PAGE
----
God doesn’t want you to run away, hide, or attack back–but to practice guarded caution. What does it mean to practice guarded caution? Be on guard against him yourself. Guarding is looking, paying attention, looking at life biblically. You are not naïve, you look at people and interpret circumstances with proper theology. You know unbelievers are fallen and you know Christians are saved, but still can sin.
Paul commands Timothy to literally, be you yourself continually on guard against him yourself. This leads commentators to believe that Alexander lived in Rome and caused Paul trouble during one or both of his imprisonments. If that is accurate, Paul was warning Timothy to be on the lookout for Alexander when he arrived there to visit Paul. Guard/keep your eyes open 24/7 The great reformer Zwingli has said, “The Christian life, then, is a battle, so sharp and full of danger that effort can nowhere be relaxed without loss.” This guarding is to be vigilent–the phrase, for he vigorously opposed. Vigorously means strongly, exceedingly, and violently. Alexander was encouraging violence against Paul and was so hateful, it says he opposed Paul–and opposed means to withstand and to resist. He attacked God’s Word.
Let Timothy, in coming to Rome, be constantly on his guard against wicked Alexander. He will try his best to harm the disciple even before Timothy has reached his mentor. Let Timothy take the necessary precautions so he’ll know what to say and what to do, if and when Timothy is confronted by Alexander. And take note, Timothy–the violent opposition was toward Paul’s teaching, for “he vigorously [very] opposed our teaching.” Alexander opposes Paul’s teaching.
The word teaching is used in the New Testament for preaching, teaching, everything Paul said, everything the Apostles teach. The Greek word teaching is plural–literally our words, describing the content of their teaching. What Paul and Timothy are teaching–the New Testament Alexander hates and opposes. “Our teaching” refers to the verbal presentation of the words of the Christian Gospel–the message, preaching, teaching, and the doctrine Paul and the church proclaimed.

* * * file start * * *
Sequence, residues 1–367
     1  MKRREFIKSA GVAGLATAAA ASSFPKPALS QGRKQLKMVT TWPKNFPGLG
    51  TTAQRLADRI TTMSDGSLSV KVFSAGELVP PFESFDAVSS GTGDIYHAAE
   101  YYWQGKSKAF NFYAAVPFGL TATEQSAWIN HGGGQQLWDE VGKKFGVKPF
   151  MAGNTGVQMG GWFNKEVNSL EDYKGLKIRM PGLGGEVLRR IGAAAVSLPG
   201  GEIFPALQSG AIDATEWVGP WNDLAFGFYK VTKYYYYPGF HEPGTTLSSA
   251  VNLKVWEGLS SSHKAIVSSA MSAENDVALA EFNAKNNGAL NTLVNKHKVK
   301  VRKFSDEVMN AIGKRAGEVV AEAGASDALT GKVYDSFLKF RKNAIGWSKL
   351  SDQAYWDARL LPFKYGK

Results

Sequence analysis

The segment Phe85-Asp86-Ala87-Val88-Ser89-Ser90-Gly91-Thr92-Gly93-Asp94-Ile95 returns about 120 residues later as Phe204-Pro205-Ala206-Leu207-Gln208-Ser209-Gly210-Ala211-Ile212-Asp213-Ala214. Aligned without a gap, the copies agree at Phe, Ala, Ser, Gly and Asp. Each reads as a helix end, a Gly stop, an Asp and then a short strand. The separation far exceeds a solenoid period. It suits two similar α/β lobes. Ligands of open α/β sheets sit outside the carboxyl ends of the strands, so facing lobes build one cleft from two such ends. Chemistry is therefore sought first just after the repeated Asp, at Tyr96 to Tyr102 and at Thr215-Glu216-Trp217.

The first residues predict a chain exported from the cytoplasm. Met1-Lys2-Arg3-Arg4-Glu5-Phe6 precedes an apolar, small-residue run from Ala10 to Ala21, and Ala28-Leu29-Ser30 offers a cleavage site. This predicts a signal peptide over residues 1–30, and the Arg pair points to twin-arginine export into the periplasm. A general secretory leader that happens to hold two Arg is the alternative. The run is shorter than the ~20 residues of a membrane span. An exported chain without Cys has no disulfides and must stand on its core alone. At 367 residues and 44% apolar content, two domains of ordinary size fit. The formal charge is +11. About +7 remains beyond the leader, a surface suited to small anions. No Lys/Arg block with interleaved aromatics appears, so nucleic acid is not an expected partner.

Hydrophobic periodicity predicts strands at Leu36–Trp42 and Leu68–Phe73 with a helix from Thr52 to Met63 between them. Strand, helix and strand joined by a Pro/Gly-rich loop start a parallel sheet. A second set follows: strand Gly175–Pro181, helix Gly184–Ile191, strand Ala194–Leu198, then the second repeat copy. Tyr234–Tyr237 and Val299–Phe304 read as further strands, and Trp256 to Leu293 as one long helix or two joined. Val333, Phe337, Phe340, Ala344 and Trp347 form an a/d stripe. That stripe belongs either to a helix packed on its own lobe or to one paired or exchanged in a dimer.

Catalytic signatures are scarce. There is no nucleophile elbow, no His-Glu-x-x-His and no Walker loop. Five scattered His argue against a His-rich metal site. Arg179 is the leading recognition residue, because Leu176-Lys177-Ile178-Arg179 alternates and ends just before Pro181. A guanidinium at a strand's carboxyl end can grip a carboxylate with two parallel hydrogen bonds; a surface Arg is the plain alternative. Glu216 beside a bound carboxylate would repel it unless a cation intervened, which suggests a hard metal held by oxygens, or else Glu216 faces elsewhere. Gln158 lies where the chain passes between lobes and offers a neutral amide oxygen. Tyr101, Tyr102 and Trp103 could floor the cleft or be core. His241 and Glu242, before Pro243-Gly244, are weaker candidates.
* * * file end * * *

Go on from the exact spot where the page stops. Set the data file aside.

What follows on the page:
The literal meaning of our words might refer to Paul’s defense at the trial, describing the teaching of the Word and preaching of the Gospel Paul gave in court. Alexander hates God’s Word. Alexander was not only hateful of Paul, but opposed to God and His Word. More than an enemy of Paul, he was the enemy of God. This alone is why Spirit-filled Christians will have enemies, because people hate the God you faithfully represent.
This Alexander was a relentless persecutor, one who vigorously stood against God’s Word and Christ’s precious Gospel. But God’s Word tells you faithful ones, 1 Peter 5:9, “But resist him, firm in your faith, knowing that the same experiences of suffering are being accomplished by your brethren who are in the world.” Stand firm against, resist, speak up against those who are against God’s Word.
Reformer John Calvin made this challenge–“A dog barks when his master is attacked. I would be a coward if I saw that God’s truth is attacked and yet would remain silent.” What do you do about enemies–those who attack you because you obey God’s Word? “Alexander the coppersmith did me much harm; the Lord will repay him according to his deeds. 15 Be on guard against him yourself, for he vigorously opposed our teaching” (2 Timothy 4:14-15). Wisely guarding, glorifies God and grows you.